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What can the G20 Power Utility Companies do to Address the Climate Crisis?

G20 power utilities

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Bali, 29 August 2022 – The electricity sector is one of the biggest emitters after the forest and land use sectors. As the window of opportunity to keep the global temperature at the 1.5 degrees level is getting tighter, the urge to decarbonize the electricity sector is becoming more and more crucial. Power utility companies will be the main driver of the decarbonization effort to reach net zero emissions. 

Philippe Benoit, Adjunct Senior Research Scholar Center on Global Energy Policy, Columbia University, during the seminar “The Role of G20 Power Utilities in Climate Mitigation Effort” hosted by C20, emphasizes the importance to reform state-owned power companies (SPC), realizing its roles as power producers, power purchasers, and network owner/operator to accelerate the energy transition.

“SPCs are multidimensional. When we talk about decarbonization we have to think about SPC as they are the ones who will set the pace of decarbonization,” he said.

Philippe continued that market-based scenarios such as carbon tax, carbon trading, and regulatory pricing can be an instrument to influence SPCs to decarbonize. Moreover, the government can also make resources available to SPCs by supporting them, doing advocacy and directly exercising government shareholder power.

Mahmoud Mohieldin, High-Level COP 27 Champion Egypt, proposed several points to address, including the comprehensive energy policy covering fossil fuel phase-out, energy access and the development of green hydrogen.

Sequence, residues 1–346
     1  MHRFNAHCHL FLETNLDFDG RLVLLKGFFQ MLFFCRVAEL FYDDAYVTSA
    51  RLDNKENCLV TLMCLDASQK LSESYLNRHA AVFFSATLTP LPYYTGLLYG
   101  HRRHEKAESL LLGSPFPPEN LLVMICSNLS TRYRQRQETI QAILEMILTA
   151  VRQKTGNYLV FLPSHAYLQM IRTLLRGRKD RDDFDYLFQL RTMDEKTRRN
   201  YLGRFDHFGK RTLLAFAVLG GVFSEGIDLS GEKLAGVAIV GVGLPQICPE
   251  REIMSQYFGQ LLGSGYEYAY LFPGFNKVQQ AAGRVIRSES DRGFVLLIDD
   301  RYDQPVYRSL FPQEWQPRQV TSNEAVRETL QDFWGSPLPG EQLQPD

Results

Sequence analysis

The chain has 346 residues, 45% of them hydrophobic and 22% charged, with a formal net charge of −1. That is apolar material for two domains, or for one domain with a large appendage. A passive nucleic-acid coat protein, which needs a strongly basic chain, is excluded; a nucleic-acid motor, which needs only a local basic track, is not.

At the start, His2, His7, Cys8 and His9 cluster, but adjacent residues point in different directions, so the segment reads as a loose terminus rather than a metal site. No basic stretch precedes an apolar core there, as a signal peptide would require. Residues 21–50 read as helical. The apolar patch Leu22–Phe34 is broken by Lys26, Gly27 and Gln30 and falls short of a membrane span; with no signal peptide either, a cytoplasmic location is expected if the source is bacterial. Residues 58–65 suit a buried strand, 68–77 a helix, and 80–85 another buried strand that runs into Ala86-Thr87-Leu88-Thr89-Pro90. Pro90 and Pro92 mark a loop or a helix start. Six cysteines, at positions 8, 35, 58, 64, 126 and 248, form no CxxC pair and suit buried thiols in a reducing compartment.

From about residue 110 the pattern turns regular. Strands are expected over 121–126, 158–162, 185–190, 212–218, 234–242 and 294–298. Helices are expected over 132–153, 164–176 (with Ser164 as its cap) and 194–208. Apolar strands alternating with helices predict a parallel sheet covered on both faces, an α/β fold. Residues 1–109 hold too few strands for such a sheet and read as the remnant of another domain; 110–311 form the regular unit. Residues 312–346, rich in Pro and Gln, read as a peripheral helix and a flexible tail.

“The budget of the state should reflect the priority of the climate agenda in SDGs development framework.”

On the same occasion, Joojin Kim, Managing Director of Solution for Our Climate (SFOC), South Korea, presented the fact that currently, renewable energy is facing some curtailments in several regions to avoid ‘unsold’ energy.

“Globally, there is a significant increase of renewable capacity but mostly built in either the US or Europe. To keep the balance between supply and demand in electricity, some areas start to apply curtailment to renewable energy,” he said.

Joojin said that this condition is not conducive to reaching the net zero target. To align with the 1.5-degree Celcius pathways, the G20 country must have 75% renewable energy in 2040. According to him both South Korea and Indonesia are not in a good situation to reach that if there is no urgent action taken.

According to Dennis Volk, Head of Division Bundesnetzazagenturn (BNetZa), Germany, political will from the government is the key to decarbonising the electricity sector.

“A strong political commitment is needed to drive the electricity sector to the decarbonization path. The second important thing is the supporting scheme including financing,” said Dennis.

Youngjin Chae, Vice President of Strategy and Planning Korea Power Exchange (KPX), South Korea, explained that currently there are around 19% of renewables in South Korea. Issues related to flexibility, storage, and feasibility are what become a concern as renewable energy is locally concentrated.

Indonesia is planning to achieve carbon neutrality in 2060 or sooner. PLN as the nation’s power utilities company, through its Director of Corporate Planning, Evy Haryadi, said that PLN needs to build 413 GW of power capacity with around 75% renewables and 19 GW of interconnection for net zero in 2060.

“We (PLN) think that at least five major things should be transformed, from the battery storage system, interconnection, green industry cluster, coal retirement mechanism, to new technology development,” Evy concluded.

A couple of serious challenges are faced by countries in developing renewable energy. Considering each situation, every country must figure out the solution as the IPCC has warned that our carbon budget is limited.

“Every country must be able to answer the issue of solving climate change, customer demand for reliable and affordable electricity, workforce needs to upgrade their skills, regulation from the government, and more technology to provide green energy,” Fabby Tumiwa, the Executive Director of IESR concluded.

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